Slovak astronomer in NASA mission
A SLOVAK astronomer played an important role in the NASA Deep Impact mission, which culminated in the controlled collision between a space probe and the comet 9P/Tempel, the Pravda daily wrote.
Jana Pittichová, 30, from the Astronomical Institute of the Slovak Academy of Sciences, has been involved in the Deep Impact mission from its conception. She watched the final phase of the collision through a large telescope in Hawaii.
Pittichová told the daily that, as a small country, Slovakia is unable to organize such projects on its own. This is why it was so important for her to be involved in the NASA mission. Pittichová worked alongside world-famous scientists, which for her was the chance of a lifetime. The project also provided her with vital experience.
Pittichová 's job was to study, process, and evaluate project photographs for six years. This was crucial to the mission, and she is very proud that as a Slovak woman she was able to share in its success.
Jobs behind wheel riskiest
DRIVING jobs are the most dangerous line of work in Slovakia, the SME daily reported.
According to information provided by the Labour, Social Affairs and Family Ministry, 390 professional drivers either died or suffered serious injuries at the wheel between 2000 and 2003. This figure accounts for about one third of all serious or fatal industrial injuries in the country.
Falls in working environments, for example on building sites, were the second most common reason for such injuries.
Since the fall of Communism, the greatest advances in safety at work have been achieved in the chemical industry.
Polish driver dies in car crash
A POLISH driver died near Rajecké Teplice in northern Slovakia's Žilina region on August 3 at around 17:00. The Polish driver's Opel Corsa collided head-on with a regular bus, the TASR news agency reported.
A preliminary police investigation has shown that the Polish man collided head on while overtaking another bus, failing to correctly estimate the distance in front of him.
The Opel driver was alone in the car. None of the bus passengers were injured.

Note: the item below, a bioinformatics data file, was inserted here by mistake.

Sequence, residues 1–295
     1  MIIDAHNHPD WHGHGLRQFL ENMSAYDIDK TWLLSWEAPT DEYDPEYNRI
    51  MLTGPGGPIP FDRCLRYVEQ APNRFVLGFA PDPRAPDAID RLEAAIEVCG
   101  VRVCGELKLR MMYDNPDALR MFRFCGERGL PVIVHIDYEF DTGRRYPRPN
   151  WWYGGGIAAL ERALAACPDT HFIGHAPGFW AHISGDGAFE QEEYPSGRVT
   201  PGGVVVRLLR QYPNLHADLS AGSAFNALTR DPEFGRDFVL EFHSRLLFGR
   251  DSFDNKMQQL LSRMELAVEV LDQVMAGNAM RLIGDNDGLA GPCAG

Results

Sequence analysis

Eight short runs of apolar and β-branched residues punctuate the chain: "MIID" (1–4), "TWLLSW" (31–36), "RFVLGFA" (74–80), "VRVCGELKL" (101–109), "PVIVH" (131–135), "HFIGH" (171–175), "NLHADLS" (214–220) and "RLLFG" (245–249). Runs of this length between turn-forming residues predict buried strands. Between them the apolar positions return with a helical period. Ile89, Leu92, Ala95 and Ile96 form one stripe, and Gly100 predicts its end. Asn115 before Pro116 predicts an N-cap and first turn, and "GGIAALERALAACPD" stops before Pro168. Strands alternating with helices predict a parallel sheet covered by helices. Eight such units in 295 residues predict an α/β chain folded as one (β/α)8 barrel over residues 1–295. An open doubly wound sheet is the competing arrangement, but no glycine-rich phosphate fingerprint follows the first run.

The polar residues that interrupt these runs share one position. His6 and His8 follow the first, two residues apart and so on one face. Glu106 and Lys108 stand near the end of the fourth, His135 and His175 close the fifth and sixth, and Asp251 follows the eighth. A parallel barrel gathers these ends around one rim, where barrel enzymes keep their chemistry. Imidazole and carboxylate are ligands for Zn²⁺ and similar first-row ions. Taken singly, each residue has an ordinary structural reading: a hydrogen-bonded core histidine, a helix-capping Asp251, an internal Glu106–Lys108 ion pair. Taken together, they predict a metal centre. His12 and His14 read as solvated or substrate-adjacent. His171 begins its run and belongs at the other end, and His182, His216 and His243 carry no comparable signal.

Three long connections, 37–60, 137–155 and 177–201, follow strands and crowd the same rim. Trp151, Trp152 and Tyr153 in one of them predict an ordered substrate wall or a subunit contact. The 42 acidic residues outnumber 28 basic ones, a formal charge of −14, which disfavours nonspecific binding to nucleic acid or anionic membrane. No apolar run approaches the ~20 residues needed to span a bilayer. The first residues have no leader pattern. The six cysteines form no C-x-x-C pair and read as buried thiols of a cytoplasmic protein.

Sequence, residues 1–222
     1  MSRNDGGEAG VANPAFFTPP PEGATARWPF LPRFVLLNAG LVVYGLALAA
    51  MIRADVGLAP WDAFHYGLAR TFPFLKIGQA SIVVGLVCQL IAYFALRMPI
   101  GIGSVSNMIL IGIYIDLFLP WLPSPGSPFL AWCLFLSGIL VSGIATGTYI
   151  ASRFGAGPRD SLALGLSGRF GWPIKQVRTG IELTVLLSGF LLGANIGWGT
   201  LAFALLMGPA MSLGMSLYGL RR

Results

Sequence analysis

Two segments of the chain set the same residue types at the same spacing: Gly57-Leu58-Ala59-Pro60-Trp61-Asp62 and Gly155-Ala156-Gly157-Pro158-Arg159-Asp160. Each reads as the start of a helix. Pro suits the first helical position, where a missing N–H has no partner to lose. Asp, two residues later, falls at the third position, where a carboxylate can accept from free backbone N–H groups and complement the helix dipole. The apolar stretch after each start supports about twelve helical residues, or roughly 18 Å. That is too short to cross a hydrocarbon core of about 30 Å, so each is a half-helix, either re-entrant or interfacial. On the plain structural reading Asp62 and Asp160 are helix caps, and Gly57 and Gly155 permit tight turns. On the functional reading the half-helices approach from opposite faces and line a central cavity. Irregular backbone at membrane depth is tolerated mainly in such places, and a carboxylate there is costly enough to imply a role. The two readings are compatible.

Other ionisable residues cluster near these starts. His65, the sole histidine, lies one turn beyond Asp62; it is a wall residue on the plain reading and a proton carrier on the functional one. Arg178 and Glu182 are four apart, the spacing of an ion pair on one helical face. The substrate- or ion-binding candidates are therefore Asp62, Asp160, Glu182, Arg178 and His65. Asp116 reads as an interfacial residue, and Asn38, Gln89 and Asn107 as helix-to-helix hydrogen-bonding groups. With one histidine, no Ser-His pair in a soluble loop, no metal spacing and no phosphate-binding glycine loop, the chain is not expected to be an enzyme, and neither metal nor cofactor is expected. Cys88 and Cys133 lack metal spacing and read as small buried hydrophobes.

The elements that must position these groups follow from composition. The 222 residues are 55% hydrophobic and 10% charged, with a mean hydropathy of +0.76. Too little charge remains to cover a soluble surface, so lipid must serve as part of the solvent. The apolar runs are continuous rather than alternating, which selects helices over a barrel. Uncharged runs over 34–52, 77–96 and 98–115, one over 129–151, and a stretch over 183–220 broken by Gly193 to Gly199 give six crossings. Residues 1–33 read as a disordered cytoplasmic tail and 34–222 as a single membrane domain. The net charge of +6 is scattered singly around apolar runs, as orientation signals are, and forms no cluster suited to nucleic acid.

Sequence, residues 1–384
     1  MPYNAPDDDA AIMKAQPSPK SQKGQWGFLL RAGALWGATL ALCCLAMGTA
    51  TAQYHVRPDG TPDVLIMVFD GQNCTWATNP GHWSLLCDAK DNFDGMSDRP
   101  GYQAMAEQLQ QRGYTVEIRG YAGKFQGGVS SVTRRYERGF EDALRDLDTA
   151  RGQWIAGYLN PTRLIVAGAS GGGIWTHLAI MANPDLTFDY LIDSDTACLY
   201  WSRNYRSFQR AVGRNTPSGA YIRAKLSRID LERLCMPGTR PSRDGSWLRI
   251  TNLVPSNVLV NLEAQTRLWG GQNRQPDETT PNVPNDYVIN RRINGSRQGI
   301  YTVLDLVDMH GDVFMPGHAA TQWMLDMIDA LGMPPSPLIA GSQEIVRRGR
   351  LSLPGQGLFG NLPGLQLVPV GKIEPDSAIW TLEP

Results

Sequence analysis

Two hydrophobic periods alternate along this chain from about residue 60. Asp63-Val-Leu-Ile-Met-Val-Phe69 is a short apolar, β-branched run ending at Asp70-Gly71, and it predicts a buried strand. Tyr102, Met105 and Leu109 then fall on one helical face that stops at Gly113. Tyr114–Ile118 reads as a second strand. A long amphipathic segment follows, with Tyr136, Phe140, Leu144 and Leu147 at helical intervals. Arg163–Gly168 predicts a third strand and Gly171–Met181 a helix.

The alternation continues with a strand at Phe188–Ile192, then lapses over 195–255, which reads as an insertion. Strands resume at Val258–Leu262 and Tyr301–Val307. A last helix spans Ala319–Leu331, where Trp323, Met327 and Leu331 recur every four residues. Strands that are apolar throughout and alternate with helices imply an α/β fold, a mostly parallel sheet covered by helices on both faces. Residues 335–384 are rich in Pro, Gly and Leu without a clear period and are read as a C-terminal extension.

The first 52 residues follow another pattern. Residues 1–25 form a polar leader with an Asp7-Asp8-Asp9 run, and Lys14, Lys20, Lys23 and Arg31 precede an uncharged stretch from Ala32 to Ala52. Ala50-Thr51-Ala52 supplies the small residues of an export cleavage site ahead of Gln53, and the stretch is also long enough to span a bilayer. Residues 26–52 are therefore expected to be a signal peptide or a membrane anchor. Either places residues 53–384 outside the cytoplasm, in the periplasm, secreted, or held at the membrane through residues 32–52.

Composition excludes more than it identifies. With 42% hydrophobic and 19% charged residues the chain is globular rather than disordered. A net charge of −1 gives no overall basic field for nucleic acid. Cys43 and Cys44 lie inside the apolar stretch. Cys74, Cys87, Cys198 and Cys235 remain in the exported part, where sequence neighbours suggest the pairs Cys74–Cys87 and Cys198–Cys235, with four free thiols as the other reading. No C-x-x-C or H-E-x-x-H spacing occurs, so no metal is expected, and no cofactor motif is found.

New border crossing with Ukraine
LOCAL officials from Slovakia and Ukraine met on August 3 in Vyšné Nemecké in eastern Slovakia's Košice region for talks about the details of a new border crossing for pedestrians and cyclists between the countries.
The crossing will be in operation from September 10.
These discussions were a continuation from August 1, when participants agreed to create the border crossing, which would make it easier for families and friends separated since the end of World War II, to meet each other, the TASR news agency reported.
After the war, the village of Slemence, which had formerly belonged to Czechoslovakia, was split into two by a newly drawn border, becoming Veľké Slemence on the Slovak side and Malé Slemence on the Ukrainian side.
The people of Veľké Slemence petitioned the state authorities for the border crossing in 2001. The petition was successful.
An intergovernmental commission for cross-border cooperation agreed on the mutually beneficial project last summer.
Construction site online
THE CONSTRUCTION of the Europa Shopping Centre (ESC), which is to become Banská Bystrica's new landmark, can be viewed online, the project investors informed the TASR news agency.
The foundation stone of the ESC was laid in May. The investment company Europa SC installed an Internet camera on top of the structure, enabling people to view the surrounding construction site around the clock, at www.europasc.sk.
The three-floor ESC, worth Sk1.6 billion (€41 million), should open for business at the end of next year and employ nearly 600 people.
In an area of 32,000 square metres, it will feature different facilities, from hypermarkets to movie theatres, as well as sports and culture facilities.
Old messages hidden in Barbican walls
HISTORIAN Miroslav Sura guards the secrets of the antique tube.
photo: SME - Peter Buran
RESTORATION workers in Banská Bystrica's barbican tower found a copper tube containing written documents in Latin, and a few coins, the daily SME reported.
The oldest of the artefacts dates from 1761, when a big fire destroyed the city.
Experts hope that after deciphering the four Latin documents they will find out more about the fire.
The head of the local sites' authority, Miroslav Sura, said that they expected to find the tube in the tower. It is likely that they would also put the tube back in the barbican tower, but keep the historical documents.